Palong children, Phrae District, Thailand
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Thursday, November 20
Our first trek. We had been longing to go on a walking expedition ever since visiting Nepal last year. We had set aside three days for hillwalking through Nepali villages but Susanne got a bad stomach bug, so we spent the time in the proximity of Kathmandu instead. Our trek would have to wait for Northern Thailand. Most trekkers walk over a three to five day period, which sounds really nice in theory, but in practice I have a feeling we'd get bored or exhausted before it was over. So today we'd compromise with a full day trek: about four hours of walking interspersed with stops at five hilltribe villages.
Most of the local hilltribes (also known as Montagnards in former French Indochina colonies) migrated here from Yunnan province in China or the steppes of Tibet in the last several hundred years. Those tribes from Tibet (Lisu, Karen, etc.) speak Tibeto-Burman languages while those from Yunnan (Hmong, Yao, etc.) speak Tai languages, for the Thai and Lao peoples also originated in the area around southern Yunnan and northern Vietnam. Unlike the Thai, Lao and Shan Burmese peoples, though, the hilltribes have never fully adapted into the modern world. They rarely recognize national borders, speak distinct languages and have different social mores, including polygamy. Some might draw a parallel between the hilltribes and the Roma (gypsies) of Eastern Europe - nomads of a foreign past, fiercely proud of their heritage, poorly integrated into society.
In Thailand, sadly, hilltribes are not granted status as Thai citizens. They cannot go to Thai schools and must pay for their own basic education, which many cannot afford. Their systemic lack of education keeps Thailand's montagnards at the bottom of the education scale, causing their economic and social status to suffer accordingly. Yet the hilltribes survive, maintaining their ancient cultures on subsistence agriculture and craftmaking. Over the last 20 years, the outside world's fascination with the hilltribes' "primitive" customs has created a cottage industry of treks and tours, where westerners visit the tribes to meet the community members, take pictures and buy souvenirs. It's a double-edged sword - treks give tribes a source of hard currency revenue yet expose them to the habits of western culture, from television to drug addiction. And in some cases, the tribes learn to rely on trekking revenue to the point of abandoning traditional sources of income. What will happen when the trekking fad dies down? It's hard to say. I find myself somewhere in the middle of the argument. I hate to see cultures threatened, yet I too wish to take part in this ethnic voyeurism, visiting tribes and taking pictures before returning to the comfort of my hotel. The only folks who seem like the real winners are the trek operators, who reel in the cash all over northern Thailand - certainly more cash than any of the tribes could ever get without them.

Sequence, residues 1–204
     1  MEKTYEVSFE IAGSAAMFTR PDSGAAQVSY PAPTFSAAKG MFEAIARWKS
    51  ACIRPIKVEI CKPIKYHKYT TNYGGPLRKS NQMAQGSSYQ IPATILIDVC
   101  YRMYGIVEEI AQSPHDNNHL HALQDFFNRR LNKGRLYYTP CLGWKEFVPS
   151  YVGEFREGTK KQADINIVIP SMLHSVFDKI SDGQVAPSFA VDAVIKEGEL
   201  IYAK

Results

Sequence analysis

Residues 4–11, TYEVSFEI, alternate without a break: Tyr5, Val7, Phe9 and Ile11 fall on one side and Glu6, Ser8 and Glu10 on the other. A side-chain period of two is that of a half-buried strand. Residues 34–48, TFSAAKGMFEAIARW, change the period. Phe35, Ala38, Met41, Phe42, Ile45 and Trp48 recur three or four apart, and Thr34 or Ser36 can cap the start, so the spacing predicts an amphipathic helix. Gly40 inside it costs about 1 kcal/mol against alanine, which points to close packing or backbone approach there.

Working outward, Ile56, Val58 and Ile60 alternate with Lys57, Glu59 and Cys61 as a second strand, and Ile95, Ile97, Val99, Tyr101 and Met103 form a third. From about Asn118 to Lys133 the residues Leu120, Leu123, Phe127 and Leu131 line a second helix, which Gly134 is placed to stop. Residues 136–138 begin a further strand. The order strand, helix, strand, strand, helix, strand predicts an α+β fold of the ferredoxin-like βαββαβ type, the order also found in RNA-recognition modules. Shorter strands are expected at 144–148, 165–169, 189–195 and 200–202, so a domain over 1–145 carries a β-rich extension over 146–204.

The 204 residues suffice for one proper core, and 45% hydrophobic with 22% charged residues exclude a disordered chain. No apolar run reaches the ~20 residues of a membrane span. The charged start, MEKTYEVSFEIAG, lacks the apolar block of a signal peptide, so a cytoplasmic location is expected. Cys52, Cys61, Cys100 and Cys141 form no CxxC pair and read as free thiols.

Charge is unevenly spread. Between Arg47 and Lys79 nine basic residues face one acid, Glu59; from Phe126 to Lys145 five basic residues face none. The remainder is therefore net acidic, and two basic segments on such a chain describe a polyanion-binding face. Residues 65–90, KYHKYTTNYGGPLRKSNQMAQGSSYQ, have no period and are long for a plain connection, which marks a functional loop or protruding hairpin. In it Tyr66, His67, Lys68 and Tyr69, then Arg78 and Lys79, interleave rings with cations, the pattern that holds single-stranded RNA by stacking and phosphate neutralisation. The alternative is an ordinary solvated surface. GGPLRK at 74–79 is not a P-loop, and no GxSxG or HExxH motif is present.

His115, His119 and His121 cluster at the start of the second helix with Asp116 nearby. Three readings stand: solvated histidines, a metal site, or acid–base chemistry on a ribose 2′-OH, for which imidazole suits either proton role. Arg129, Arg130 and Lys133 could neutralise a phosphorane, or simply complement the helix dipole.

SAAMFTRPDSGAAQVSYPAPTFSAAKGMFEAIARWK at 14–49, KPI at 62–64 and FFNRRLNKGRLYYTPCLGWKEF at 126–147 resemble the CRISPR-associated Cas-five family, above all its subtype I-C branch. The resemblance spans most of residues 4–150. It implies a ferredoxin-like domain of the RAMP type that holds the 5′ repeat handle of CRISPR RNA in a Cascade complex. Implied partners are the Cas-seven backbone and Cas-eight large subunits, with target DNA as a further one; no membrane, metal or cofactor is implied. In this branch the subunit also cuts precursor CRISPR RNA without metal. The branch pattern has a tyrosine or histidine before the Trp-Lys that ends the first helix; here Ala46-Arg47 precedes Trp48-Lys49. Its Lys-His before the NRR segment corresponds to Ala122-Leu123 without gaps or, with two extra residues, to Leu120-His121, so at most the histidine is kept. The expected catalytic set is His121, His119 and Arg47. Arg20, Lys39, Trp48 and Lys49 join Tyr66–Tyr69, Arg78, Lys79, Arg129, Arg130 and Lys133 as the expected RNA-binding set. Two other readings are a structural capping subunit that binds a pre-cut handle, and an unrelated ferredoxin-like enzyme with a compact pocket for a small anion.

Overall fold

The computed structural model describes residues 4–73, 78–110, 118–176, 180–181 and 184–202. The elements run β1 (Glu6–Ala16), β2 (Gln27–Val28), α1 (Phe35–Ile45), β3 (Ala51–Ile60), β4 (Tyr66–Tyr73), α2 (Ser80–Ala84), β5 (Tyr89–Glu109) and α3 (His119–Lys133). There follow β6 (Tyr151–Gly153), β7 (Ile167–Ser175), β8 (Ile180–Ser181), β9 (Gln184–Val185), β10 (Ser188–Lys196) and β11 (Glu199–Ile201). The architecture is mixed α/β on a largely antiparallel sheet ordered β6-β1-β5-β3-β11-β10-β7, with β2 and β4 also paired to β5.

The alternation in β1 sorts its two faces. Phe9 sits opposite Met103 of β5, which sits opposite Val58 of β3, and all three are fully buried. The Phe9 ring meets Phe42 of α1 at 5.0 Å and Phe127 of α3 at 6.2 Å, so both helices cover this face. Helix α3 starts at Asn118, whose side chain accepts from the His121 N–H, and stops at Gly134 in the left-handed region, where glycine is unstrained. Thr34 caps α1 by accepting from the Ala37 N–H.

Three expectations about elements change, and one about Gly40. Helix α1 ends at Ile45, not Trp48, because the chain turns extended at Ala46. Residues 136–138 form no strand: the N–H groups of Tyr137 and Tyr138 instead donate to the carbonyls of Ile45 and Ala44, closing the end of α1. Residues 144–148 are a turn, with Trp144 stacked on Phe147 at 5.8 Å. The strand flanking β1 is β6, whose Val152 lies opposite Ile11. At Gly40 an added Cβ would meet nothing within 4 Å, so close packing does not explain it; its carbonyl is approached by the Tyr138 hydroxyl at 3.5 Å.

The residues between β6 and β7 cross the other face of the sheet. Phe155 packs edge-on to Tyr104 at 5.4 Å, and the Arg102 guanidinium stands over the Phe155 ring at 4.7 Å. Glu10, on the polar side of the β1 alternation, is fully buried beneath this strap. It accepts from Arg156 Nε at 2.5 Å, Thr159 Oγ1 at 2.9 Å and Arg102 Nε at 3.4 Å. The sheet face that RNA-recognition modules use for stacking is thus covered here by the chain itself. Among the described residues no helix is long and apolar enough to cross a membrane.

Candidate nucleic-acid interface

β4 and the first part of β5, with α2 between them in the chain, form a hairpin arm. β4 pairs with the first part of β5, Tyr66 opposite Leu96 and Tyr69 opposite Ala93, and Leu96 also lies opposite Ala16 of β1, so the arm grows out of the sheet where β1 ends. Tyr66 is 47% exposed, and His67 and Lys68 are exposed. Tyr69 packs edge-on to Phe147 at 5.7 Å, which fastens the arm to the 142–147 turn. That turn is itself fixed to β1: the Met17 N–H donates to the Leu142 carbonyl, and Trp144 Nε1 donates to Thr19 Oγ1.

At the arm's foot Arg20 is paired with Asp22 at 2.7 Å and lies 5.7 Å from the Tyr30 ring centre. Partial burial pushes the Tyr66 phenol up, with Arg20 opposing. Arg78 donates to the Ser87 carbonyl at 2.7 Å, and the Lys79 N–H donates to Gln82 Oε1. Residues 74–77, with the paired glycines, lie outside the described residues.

Today though I'd put my doubts aside and enjoy the trip. I didn't want to judge the experience before I began it. At 8:30 in the morning a songthaew picked us up at the hotel. We were the first two trekkers in a group of seven, a rather modest-sized group. It would be at least an hour before we had assembled the entire group, but after a brief stop at the trekking agency we headed out of Chiang Mai for the two hour drive to Phrae. Joining us on the trek were Ann and Raymond, a Hong Kong couple living in New York; Mary and Peter, a recently retired pair of English doctors; and Moreno, a prematurely greying Italian, always quiet yet always with a mysterious smirk on his face. Leading our group was Sam, a 30-year-old Lisu raised and educated by American missionaries. His English was good and his knowledge of Lisu an other hilltribe languages made him an appropriate guide for our short journey.
The songthaew dropped us at the end of a paved road. We were supposed to take the Nissan pickup truck another two kilometers along a dirt path to the first village, but recent rains had made much of the path unnavigable by vehicle. So for half an hour we walked through the mud to reach the official starting point of the trek, a small Lahu village. The dirt road had the consistency of hard, wet clay - not much traction and a bit rough on the feet. But we managed just fine with Sam leading the group over the rolling dirt path. Sam was very talkative, always asking us questions about what we did for a living, how long we were traveling, and so forth. He made a point of using your name whenever he addressed you: "So Andy, have you ever gone on a trek before?" "And Susanne, what do you do in America?" I could tell he wanted to cover as many topics as possible, undoubtedly to practice his English vocabulary, but at times I felt like I was being interviewed for a job. "Were you here for the monsoon?" "Are you glad you came to Thailand, with the recent drop in the Thai baht?" At least it passed the time well. And I actually got to remember the names of the people in a group, all because of Sam's incessant questioning.
Andy walks the Thai forest
The dense damp forest opened up as we curved around the side of a steep hill. We could see a valley just ahead, its upper edges decorated with crops of soy, corn and what appeared from a distance to be marijuana. Smoke rose from the bottom of the valley - the Lahu village must be straight ahead. Five or six thatched roof stilt houses encircled a large vertical water tank, the only water source for this poor farming village that lacked plumbing and electricity. A Lahu woman, naked from the waist up, washed her children under a flowing water pump. When she noticed our arrival she politely yet quickly raised the cloth of her skirt to cover her chest, as if she didn't want to shock or embarrass us. Sam passed out chocolate bars to the women in our group. "Give them to the children. They don't see Westerners very often so they might get scared. They'll accept chocolate from women, but not men." I asked Sam whether it was expected of us to give the children a couple of baht for taking their pictures. "No. Absolutely not. It will spoil them. A child who gets money for nothing but their smile will then expect everything for nothing. They will all become thieves." Fine, I thought, we'll then destroy their teeth with chocolate instead. Susanne and Mary approached two of the older children, perhaps six or seven years old, and offered them chocolate, which they accepted rather shyly but stuffed their faces once they got the wrappers open. I wondered if every one of our pictures would feature chocolate-smeared kids with wrappers stuck in their chubby little hands.